brother hymn

Beat the Devil’s tattoo

Warning: super long playlist. 

Side name: Without Ray on the cover, this playlist will never be perfect.


How - The Neighbourhood // Voodooized - Empires // In Joy And Sorrow - HIM // Happy Together - Filter // Bad Blood - Alison Mosshart + Eric Arjes // No Church In The Wild - Kanye West & Jay Z (Ft. Frank Ocean) // Gods And Monsters - Lana Del Rey // Lose Your Soul - Dead Man’s Bones // Demons - Imagine Dragons // Lying In The Hands Of God - Dave Matthews Band // Spit The Dark - Empires // Bloody Mary - Lady Gaga // Seven Devil’s - Florence + The Machine // Take Me To Church - Hozier // Heaven Help Us - My Chemical Romance // Ghost In The Mirror - Mallory Knox // Blood On My Name - The Wright Brothers // Bedroom Hymns - Florence + The Machine // Beat The Devil’s Tattoo - Black Rebel Motorcycle Club // Stitches - Frnkiero Andthe Cellabration // World On Fire - Les Friction // When Love And Death Embrace - HIM // The World Is Ugly - My Chemical Romance // Cry Little Sister - Gerard McMann // Lords Of Salem - Rob Zombie

(See description for extra songs)


Beethoven - Symphony no. 9 in d minor

The symphony to end all symphonies. Or at least, that was the general view shortly after its premiere. The towering name of Beethoven and this immortal work made a lot of composers feel that it was the pinnacle of the form. At least in that way it inspired new models for expression. The 9th [and this particular 9th symphony is so famous, it goes by this nickname] is an accumulation of Beethoven’s symphonic writing, starting out with one tone, the work builds out from silence. The first movement is a constant flow of drama, full of strange dissonances. The second movement is a stormy scherzo with a typical lighter section to contrast it. The third movement is a smoother set of loose variations. The fourth movement, the one most talked about, is a bizarre “symphony-within-a-symphony”, and can be divided into it’s own “four movements”: a) Slow introduction with theme and variations, b) a “Turkish March” begining with the words “Froh, wie seine Sonnen fliegen”, c) a meditation starting with “Seid umschlungen, Millionen!”, and d) a fugato finale built out of themes from the first and second movements. With this structure in mind, it’s important to point out that, throughout Beethoven’s career, he changed the way how multi movement music was thought of. Instead of a short set of movements in related keys, these pieces had movements that were integral to each other, balancing each other out, necessary to the work. Here, he thematically unifies all the movements by tying them together with the last movement. And of course, what makes this piece famous, there is the chorus. After shocking and thunderous dissonances, we hear a voice, “Oh friends, not these tones!” a call for harmony and brother/sisterhood. A hymn to mankind, an ode to joy. The famous Ode to Joy melody had been with Beethoven for a long time. The earliest sketch of the shape of the melody was found written around the same time as his third symphony was being written. And the earliest version of this melody was used in his Choral Fantasy. It was a successful premiere, despite how underrehearsed the orchestra was. If Beethoven saw himself as Prometheus, liberating mankind with a new musical language, this symphony is a testament of his achievement.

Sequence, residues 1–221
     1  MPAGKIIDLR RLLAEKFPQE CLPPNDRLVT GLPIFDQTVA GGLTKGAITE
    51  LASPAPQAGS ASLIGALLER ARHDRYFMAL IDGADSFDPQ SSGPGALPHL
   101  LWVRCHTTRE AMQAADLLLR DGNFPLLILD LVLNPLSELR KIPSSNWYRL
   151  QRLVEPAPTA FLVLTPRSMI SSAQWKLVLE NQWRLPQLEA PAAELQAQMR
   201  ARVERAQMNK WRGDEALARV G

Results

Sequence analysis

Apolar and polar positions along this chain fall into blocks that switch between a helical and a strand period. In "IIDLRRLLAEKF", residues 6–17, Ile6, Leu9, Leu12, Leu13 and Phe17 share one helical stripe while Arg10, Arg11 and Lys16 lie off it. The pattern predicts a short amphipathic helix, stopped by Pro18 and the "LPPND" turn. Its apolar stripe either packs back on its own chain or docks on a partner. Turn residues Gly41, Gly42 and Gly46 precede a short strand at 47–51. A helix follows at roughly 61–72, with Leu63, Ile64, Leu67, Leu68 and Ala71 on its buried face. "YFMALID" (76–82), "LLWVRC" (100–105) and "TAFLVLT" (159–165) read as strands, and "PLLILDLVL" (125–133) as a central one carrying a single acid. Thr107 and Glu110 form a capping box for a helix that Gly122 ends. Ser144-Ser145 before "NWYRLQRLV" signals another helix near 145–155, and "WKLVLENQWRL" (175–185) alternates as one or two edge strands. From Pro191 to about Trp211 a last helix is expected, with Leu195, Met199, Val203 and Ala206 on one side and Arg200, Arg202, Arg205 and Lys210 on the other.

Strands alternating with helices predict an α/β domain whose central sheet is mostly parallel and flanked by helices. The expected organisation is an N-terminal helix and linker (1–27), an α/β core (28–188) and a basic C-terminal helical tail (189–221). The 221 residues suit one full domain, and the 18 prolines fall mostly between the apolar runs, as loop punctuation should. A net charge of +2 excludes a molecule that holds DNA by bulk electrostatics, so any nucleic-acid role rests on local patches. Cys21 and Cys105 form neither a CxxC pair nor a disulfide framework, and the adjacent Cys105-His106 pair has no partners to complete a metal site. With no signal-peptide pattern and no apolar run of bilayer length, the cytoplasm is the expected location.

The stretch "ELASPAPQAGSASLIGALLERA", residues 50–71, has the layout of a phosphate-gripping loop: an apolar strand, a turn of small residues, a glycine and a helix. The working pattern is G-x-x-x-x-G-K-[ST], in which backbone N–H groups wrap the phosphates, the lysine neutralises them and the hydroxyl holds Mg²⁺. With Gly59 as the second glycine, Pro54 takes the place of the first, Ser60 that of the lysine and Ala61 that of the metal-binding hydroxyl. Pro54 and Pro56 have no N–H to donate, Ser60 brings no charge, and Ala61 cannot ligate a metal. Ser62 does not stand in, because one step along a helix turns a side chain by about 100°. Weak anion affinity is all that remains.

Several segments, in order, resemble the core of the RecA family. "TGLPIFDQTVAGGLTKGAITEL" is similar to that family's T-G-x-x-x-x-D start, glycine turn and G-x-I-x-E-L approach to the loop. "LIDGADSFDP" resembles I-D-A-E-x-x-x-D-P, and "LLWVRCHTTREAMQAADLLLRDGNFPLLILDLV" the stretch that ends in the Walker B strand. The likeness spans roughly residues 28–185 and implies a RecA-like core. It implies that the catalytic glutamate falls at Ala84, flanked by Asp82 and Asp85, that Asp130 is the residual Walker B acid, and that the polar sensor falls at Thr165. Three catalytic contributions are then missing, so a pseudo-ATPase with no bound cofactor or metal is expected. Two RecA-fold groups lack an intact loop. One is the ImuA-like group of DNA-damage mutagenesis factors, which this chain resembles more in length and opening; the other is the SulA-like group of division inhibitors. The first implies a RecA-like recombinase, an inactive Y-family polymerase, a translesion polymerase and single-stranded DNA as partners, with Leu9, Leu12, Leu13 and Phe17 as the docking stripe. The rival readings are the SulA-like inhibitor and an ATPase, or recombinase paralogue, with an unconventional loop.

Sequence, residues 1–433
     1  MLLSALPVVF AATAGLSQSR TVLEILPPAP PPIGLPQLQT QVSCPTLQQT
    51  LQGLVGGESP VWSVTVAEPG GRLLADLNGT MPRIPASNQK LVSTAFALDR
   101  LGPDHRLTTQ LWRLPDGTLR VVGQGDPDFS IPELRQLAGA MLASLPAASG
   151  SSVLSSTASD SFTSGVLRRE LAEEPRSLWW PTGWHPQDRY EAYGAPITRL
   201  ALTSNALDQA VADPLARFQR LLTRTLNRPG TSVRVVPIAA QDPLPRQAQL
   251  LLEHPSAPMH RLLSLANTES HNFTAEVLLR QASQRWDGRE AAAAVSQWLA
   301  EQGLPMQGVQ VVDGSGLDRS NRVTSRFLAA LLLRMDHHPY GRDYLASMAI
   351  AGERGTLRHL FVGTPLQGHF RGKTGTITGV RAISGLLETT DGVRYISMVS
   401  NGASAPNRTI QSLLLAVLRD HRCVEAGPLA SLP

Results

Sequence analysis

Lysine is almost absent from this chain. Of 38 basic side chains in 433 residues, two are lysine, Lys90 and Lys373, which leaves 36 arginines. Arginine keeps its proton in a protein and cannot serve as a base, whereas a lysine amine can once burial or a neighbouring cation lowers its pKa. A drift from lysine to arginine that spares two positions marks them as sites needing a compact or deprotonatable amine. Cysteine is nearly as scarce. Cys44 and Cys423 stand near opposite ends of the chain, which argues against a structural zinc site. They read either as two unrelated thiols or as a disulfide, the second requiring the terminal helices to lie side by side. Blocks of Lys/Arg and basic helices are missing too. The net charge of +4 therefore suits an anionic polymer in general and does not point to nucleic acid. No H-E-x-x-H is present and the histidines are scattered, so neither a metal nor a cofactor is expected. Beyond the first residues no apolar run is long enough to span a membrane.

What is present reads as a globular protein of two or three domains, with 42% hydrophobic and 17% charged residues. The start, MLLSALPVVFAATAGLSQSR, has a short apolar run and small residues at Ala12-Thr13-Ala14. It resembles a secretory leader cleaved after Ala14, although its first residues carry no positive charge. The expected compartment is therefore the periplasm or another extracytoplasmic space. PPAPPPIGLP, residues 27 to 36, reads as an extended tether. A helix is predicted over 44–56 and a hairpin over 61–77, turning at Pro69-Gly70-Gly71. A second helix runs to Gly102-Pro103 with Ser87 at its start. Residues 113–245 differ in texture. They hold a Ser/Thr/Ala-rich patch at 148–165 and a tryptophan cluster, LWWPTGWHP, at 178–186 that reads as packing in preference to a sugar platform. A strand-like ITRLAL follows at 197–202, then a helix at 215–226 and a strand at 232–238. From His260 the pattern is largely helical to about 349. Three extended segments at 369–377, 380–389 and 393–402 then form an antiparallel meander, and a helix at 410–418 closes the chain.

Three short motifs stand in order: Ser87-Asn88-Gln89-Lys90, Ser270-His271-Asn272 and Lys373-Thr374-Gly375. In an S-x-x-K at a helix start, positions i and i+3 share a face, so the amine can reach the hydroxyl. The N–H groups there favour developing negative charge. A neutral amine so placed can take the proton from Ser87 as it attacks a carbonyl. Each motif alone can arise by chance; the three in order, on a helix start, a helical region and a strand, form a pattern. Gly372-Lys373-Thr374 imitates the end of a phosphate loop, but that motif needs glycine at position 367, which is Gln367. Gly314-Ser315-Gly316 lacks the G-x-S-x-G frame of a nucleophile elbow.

1. Allegro ma non troppo

2. Scherzo: Molto vivace

3. Adagio molto e cantabile

4. Reactive…


Amazing Grace // The Avett Brothers